In a music career that has spanned nearly five decades, the influence of Ronnie Millsap is undeniable. Yet, since the bulk of his biggest radio hits came throughout the Seventies and Eighties, it may be surprising to some to find that Milsap continues to collect and inspire new fans to this day — fans of a generation far removed from AM radio and original 45 RPM singles. Take, for example, 23-year-old Hunter Hayes, who was born in 1991, the same year Millsap achieved his most recent Top Five hit, “Turn That Radio On.” Last fall at Nashville’s Ryman Auditorium, Hayes surprised his sold-out audience with a duet with the legendary entertainer on the 1983 hit, “Stranger in My House.” (Watch a fan’s footage of the performance below.) Hayes was also one of the performers who paid tribute to Milsap during his induction into the Country Music Hall of Fame on Sunday night. Rolling Stone Country caught up with Hayes during rehearsals for his upcoming Tattoo (Your Name) Tour this past weekend, where the versatile musician reflected on the influence Milsap has had on his life and career.
“It’s nerve-racking to cover anybody’s songs, but it’s funny how much I enjoy singing Ronnie Milsap’s songs,” he told us. “I think that’s because I spent years of my life literally trying to sound like him. I started with the 40 Number Ones. I had that on repeat for a couple of years. I learned everything in the catalog and then started learning stuff outside of that collection.”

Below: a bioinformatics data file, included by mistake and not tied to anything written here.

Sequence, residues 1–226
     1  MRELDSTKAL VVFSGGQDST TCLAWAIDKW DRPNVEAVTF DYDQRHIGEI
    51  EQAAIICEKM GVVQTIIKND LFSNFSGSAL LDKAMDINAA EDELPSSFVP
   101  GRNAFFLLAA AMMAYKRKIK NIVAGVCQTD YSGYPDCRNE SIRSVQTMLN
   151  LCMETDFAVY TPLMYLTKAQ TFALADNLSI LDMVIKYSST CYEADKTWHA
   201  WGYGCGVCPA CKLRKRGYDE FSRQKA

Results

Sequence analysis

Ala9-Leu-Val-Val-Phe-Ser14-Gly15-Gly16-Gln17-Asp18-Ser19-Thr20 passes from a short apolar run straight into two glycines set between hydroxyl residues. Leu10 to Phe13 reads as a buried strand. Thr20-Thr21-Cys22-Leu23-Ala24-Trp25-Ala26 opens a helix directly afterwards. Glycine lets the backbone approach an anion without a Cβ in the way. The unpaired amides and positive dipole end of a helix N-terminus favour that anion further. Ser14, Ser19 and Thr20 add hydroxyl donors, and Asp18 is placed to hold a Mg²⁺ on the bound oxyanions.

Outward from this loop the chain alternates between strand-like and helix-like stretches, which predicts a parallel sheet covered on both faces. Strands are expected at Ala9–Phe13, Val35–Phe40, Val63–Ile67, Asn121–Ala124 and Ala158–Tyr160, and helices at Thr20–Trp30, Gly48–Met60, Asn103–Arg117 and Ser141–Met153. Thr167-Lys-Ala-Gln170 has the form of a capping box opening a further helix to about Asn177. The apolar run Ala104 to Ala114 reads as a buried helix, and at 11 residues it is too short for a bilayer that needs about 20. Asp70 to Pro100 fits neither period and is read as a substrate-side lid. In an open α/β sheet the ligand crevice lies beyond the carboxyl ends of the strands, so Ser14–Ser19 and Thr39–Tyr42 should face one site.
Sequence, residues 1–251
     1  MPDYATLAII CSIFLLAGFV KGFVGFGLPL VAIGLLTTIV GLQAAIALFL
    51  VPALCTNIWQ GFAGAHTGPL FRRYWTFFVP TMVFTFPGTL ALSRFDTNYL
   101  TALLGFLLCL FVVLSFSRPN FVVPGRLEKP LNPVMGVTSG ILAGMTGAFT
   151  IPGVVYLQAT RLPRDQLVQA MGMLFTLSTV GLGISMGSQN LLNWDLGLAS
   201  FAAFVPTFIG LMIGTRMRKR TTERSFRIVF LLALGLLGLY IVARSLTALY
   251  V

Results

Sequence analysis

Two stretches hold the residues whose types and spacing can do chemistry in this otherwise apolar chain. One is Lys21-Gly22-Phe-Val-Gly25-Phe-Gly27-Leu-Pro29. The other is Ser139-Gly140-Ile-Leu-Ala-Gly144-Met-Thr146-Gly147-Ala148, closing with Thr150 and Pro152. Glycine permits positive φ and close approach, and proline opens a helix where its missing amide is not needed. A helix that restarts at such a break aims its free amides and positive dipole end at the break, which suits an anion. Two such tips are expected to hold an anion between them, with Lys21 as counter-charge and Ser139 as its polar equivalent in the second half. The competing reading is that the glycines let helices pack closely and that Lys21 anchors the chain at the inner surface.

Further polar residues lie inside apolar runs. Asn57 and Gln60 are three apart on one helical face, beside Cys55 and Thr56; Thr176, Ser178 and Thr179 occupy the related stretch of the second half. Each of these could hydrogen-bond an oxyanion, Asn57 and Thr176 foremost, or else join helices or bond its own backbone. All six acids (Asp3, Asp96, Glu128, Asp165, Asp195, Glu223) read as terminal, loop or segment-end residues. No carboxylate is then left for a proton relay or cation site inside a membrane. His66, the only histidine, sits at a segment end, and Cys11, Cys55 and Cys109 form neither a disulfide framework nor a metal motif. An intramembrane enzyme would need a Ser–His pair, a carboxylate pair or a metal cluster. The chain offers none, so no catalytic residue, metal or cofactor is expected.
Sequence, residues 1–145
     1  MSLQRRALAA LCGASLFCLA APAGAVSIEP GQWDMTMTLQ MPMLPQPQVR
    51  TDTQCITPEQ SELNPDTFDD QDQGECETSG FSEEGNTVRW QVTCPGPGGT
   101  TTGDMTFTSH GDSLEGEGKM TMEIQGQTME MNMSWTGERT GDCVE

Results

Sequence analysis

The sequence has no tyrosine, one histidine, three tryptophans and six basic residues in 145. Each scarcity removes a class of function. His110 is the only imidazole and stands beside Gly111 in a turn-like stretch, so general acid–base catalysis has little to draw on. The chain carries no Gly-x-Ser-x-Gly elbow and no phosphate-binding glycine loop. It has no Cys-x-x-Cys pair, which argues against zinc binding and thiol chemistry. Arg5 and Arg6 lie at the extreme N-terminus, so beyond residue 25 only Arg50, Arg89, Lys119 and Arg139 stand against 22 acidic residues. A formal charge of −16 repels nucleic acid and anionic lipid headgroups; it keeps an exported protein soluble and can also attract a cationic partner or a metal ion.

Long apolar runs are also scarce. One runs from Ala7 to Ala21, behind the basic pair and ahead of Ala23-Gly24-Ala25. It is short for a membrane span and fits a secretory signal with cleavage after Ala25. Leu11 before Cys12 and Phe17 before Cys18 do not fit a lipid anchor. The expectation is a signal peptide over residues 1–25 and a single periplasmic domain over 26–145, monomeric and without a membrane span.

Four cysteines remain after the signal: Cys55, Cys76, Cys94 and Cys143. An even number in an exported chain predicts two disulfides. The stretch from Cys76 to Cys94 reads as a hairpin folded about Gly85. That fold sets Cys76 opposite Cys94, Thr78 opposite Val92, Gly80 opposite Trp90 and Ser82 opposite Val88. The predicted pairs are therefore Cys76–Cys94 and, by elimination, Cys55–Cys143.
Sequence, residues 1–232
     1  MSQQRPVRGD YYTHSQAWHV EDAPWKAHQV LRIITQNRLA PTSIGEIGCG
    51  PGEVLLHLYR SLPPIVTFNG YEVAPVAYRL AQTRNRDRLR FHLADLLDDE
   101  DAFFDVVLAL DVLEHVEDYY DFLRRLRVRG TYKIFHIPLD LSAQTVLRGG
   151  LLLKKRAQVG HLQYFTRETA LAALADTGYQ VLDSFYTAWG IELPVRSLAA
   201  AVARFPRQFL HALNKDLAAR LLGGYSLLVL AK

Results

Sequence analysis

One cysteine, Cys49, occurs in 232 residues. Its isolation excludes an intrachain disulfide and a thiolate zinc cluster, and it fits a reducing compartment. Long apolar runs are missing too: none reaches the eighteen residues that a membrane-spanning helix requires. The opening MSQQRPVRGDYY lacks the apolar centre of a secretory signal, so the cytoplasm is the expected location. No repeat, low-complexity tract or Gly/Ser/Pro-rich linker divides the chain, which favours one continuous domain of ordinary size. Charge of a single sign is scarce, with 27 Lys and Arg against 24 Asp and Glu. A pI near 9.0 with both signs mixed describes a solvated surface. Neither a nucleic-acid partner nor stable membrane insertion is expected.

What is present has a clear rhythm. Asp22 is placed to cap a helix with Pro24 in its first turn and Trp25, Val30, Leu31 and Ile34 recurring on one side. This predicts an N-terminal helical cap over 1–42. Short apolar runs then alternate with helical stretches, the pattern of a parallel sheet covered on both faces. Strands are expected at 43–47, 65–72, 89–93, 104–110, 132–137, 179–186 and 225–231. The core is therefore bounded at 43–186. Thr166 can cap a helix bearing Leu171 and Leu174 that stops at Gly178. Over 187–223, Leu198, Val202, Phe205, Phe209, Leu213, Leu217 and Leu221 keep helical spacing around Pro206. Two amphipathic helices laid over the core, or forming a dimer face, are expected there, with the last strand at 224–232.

Although the Ryman gig was a year ago this month, Hayes refers to it as “the other night,” because the memory is still so fresh in his mind. A young artist intent on constantly stretching himself musically, he points to a couple of the singer’s classic crossover hits that inspired him, the first of which he also sang during the Hall of Fame ceremony.
“You’ve got ‘There’s No Getting Over Me,’ this really open, funky production,” he says. “Then you’ve got the other song that I got to play [with him at the Ryman]. ‘I Wouldn’t Have Missed It for the World’ is really cool and classic. The range of an artist like Mr. Ronnie is just astonishing and a great sort of lesson for somebody like me who’s trying to find my own sound. Take everything you listen to and find a place for it in your music. Let it change, let it evolve. Let it be different from one record to the next. He is a shining example of how to continue to find new things and the way you can present things. It’s just amazing to listen to his records.”